Darko Savic
Darko Savic Oct 16, 2020
What are you really trying to achieve? Note the emphasis on "really".

Take a step back and rethink. What is the best definition of your goal?

Here's an example from Shreyas whom I got the method from:

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Using Thought Experiments

Subash Chapagain
Subash Chapagain Nov 09, 2020
As the name suggests, thought experiment is the mental tool where we experiment in the thinking process. Basically, thought experiments can be taken as the devices of imagination. We can employ thought experiments for a variety of purposes: entertainment, education, conceptual analysis, exploration, hypothesizing, theory selection, theory implementation and so on. Sometimes when imagination is in absolute demand for understanding something, thought experiments become imperative to learning and creativity. Take for example while learning about things that we cannot directly see: about electrons or the DNA, we are at the disposal of only our thoughts and imagination. In such investigation of otherwise unseen reality, thought experiments are the best tools to come of any knowledge. Not just for understanding things, for understanding the very nature of the thought and ideas, we can use thought experiments.

They become particularly useful in a lot of philosophical discussions and exchanges. The famous trolley thought experiment in the realm of moral-ethical philosophy is one such example. The role of intuition and the human cognition, the bridge between fiction and truth can be very well traversed with the help of thought experiments. Einstein used various thought experiments to think about the nature of reality: for general relativity, he is cited to have imagined a person falling off a roof, or accelerating elevators and blind beetles crawling on curved surfaces. In his famous Cosmos saga documentary, astrophysicist Carl Sagan too uses a lot of thought experiments to explain to the audience the complex ideas of gravity, light and time. Similarly, Neil Degrasse Tyson ingeniously in the revamped Cosmos odyssey uses amazing thought experiments. My personal favourite is when he offers us the audience to imagine being on a spaceship that can travel back and forth in time anywhen we want to, unhindered by all other laws of physics. Though such a thing would be impossible, it sure helps us understand the other messages that we can grasp once we manage to imagine the scenario. What makes thought-experimenting a robust thinking tool is also their interdisciplinary appeal. Not just philosophers and scientists but psychologists, historians, artists and economists to use these approaches to find new lines of thinking and to boost their creative capacities. Once conceived, thought experiments are not just restricted to thoughts, they can be propagated through diagrams, texts and other visual forms as well. They are different from real experiments in that rather than counterfactual reasoning, we use the free-flowing logic of the mind when we thought experimentally. In thought experiments, we always leave a room for personal subjectivity, especially when the experiments are on the philosophical spectrum of things. When we use thought experiments to think through problems, issues or tough decisions, we perform a structured process of intellectual deliberation about possible outcomes and consequences of an action. We imagine hypothetical scenarios and both short and long-term effects. We try to reason beyond the obvious and shed a light on behind the curtain scenarios as well. This way, thought experiments are the most holistic way of attempting to find a solution. We should more often use the power of thought experiments in our personal and professional lives.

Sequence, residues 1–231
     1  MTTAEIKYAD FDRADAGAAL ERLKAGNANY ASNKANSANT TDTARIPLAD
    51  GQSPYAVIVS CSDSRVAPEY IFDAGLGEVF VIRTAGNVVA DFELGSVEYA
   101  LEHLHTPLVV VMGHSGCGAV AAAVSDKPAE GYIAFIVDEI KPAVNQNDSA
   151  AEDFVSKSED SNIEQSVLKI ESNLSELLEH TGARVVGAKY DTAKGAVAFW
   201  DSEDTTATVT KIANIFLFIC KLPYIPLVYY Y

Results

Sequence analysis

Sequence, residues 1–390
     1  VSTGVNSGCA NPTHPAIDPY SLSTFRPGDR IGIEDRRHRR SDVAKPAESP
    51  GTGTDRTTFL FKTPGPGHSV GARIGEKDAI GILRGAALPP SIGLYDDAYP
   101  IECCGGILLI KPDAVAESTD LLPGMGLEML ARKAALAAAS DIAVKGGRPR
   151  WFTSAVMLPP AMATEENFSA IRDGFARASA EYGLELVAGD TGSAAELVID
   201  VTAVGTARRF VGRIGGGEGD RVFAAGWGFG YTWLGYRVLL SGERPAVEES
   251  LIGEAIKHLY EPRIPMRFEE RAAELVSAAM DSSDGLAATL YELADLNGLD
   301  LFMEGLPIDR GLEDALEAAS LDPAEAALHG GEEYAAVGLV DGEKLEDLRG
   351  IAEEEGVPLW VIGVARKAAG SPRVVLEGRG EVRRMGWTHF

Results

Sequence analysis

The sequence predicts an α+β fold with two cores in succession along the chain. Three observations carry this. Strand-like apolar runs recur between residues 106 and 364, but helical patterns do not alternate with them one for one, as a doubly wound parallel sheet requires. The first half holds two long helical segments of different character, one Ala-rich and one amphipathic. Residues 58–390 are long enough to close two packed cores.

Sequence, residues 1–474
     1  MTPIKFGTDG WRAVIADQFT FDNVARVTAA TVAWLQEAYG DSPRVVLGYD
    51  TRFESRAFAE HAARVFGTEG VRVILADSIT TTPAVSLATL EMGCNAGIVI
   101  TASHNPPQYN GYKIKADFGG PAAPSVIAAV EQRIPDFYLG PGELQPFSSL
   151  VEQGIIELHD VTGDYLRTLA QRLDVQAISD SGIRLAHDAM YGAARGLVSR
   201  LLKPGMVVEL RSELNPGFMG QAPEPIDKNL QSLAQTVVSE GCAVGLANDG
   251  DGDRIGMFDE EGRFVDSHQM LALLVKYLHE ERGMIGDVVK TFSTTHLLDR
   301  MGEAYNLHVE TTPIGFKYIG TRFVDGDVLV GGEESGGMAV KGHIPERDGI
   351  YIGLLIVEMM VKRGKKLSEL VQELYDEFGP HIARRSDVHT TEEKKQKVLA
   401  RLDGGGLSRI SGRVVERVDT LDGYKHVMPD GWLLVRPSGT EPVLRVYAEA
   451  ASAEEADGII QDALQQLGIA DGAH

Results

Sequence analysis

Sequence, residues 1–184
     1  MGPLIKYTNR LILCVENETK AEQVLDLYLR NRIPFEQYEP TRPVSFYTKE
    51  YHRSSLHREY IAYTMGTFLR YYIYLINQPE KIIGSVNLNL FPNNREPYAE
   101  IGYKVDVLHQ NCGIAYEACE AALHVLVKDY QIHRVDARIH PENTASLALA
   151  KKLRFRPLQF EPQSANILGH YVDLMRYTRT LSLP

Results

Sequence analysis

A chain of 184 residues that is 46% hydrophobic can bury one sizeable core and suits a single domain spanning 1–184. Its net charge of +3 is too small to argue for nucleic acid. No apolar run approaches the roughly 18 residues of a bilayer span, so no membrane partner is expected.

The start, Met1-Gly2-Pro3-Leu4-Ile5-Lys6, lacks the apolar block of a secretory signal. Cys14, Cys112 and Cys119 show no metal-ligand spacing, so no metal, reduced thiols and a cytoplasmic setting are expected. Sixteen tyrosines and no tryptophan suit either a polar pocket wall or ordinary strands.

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General comments

Shubhankar Kulkarni
Shubhankar Kulkarni4 years ago
This plaform, hands down! :)
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Darko Savic
Darko Savic4 years ago
Shubhankar Kulkarnithat's the plan:)